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  • SELINA30  |  November 01 2012, 9:40PM

    Heseltine is right. The councils are wasting £millions on duplication while at the same time making cuts to local services.

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  • capital1978  |  November 01 2012, 1:58PM

    geraint2010 nail on the head.

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  • geraint2010  |  November 01 2012, 1:47PM

    A common-sense proposal which naturally local councillors will oppose. After all - turkeys wouldn't vote for Christmas would they?!

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  • a_calm_voice  |  November 01 2012, 10:55AM

    This is a good idea but it was thrown out by local councillors when Labour proposed it a few years back. At present there are roughly 300 councillors which is a huge number compared with other places with similar populations. South Gloucestershire has been a successful unitary authority for several years. The remaining Gloucestershire County Council area should be split in two - West Gloucestershire (roughly the present Gloucester, Stroud and FoD council districts) and North East Gloucestershire (Cheltenham, Tewkesbury and Cotswolds). That way we'd have three unitary authorities each with about the same populations to service. But it won't happen whilst the Tory and Lib Dem majority councillors go on clinging desperately to their council seats...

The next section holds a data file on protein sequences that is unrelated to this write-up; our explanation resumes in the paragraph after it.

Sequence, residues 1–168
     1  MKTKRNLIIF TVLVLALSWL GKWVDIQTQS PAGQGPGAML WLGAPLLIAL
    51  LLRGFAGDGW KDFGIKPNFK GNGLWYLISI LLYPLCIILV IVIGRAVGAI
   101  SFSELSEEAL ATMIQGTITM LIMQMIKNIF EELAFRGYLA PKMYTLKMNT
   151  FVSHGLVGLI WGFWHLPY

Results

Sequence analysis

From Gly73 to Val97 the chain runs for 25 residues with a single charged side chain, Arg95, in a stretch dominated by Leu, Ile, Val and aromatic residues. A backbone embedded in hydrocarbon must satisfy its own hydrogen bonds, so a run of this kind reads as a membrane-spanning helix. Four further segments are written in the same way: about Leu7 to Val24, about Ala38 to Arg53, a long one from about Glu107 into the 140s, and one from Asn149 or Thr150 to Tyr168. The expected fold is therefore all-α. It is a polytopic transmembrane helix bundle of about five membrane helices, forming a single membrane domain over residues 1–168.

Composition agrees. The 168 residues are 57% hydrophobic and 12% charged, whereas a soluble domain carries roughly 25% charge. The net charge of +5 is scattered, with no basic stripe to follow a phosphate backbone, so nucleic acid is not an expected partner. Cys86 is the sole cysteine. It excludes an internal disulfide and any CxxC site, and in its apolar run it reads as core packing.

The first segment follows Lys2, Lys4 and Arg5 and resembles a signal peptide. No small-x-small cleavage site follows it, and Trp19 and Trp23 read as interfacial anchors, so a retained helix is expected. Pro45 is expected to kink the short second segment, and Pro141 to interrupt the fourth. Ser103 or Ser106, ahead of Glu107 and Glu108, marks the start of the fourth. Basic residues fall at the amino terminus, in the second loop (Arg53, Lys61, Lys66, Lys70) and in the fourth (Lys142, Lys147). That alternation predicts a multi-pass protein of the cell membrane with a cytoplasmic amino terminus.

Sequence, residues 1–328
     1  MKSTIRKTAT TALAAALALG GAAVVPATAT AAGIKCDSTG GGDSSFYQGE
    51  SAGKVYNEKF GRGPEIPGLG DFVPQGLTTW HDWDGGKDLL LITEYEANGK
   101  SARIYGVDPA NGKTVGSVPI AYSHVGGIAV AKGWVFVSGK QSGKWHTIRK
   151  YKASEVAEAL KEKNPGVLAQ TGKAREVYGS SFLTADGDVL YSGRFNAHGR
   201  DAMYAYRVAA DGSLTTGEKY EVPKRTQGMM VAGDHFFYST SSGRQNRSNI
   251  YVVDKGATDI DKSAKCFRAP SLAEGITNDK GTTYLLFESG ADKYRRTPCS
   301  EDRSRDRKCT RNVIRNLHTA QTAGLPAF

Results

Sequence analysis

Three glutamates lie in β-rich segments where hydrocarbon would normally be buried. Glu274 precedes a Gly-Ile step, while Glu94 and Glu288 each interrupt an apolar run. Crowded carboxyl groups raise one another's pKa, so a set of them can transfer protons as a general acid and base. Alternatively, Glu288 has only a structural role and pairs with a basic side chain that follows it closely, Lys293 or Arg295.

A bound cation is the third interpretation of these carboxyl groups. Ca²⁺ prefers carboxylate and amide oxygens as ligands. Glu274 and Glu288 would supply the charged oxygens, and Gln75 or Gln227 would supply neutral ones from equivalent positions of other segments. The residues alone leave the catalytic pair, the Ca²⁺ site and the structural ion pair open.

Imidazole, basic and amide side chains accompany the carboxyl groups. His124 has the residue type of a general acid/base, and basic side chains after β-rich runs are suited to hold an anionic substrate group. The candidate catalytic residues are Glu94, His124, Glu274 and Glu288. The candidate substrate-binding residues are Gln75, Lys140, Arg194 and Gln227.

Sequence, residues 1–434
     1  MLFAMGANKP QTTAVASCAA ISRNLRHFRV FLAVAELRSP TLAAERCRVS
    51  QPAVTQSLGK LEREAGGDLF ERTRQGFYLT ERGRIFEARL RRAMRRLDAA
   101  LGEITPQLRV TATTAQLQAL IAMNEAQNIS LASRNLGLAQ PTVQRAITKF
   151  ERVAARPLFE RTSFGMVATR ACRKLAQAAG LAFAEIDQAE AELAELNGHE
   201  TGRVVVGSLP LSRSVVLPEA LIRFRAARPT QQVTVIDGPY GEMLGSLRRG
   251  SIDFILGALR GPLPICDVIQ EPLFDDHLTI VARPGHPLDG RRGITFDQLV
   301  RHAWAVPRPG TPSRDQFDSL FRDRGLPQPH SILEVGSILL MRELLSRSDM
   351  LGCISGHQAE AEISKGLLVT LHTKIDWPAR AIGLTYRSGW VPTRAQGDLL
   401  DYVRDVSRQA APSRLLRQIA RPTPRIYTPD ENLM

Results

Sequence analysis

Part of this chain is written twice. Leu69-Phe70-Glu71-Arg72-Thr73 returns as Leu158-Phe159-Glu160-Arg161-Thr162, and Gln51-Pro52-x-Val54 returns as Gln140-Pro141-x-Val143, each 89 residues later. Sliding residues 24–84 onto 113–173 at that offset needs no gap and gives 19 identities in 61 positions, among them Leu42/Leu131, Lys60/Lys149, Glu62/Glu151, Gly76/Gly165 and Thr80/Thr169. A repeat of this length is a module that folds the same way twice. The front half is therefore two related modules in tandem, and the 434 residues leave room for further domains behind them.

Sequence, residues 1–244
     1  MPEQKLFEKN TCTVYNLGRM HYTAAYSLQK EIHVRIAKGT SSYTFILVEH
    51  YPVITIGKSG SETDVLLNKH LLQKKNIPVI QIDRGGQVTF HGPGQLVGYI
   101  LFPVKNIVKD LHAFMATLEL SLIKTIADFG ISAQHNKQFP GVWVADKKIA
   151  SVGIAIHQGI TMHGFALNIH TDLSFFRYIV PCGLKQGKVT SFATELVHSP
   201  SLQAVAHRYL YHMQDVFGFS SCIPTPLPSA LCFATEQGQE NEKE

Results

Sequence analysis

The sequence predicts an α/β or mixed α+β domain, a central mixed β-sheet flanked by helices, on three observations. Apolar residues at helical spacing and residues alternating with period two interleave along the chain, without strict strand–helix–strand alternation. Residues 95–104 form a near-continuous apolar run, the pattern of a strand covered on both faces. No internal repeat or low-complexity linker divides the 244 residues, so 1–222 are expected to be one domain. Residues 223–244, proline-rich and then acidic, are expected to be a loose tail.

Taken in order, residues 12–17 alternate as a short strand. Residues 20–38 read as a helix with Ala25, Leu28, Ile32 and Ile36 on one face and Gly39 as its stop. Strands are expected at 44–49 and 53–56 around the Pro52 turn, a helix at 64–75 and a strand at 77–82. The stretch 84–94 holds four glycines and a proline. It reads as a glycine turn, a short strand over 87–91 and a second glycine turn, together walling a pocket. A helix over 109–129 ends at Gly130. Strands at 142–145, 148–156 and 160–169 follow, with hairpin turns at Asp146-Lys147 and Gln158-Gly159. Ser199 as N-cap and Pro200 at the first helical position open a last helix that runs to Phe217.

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  • GlosYap2  |  November 01 2012, 10:01AM

    "It would be useful to get some more of the precept from rich council tax payers in wealthier districts (Cotswolds) better spread across the county to the poorer parts. Having a Unitary authority might help achieve this. My view would be that it would be unlikely to result in a single unified authority though, more likely two! Savings and efficiencies do not always go hand in hand and far more important than saving money or making running more efficient anyway would be to ensure that the people of Gloucestershire would be better (or no less well) politically represented than now, services retain (or even improve) their localised focus and the county would not recieve less funding from Central government as a result. I am a little sick of those who push for "saving money", above representation, as the be and end all role of government these days. Smacks of facism."

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  • Lecorche  |  November 01 2012, 9:44AM

    Oh dear.The Nano-Napoleons have got the hump. Unity is a word that brings terror to their lives.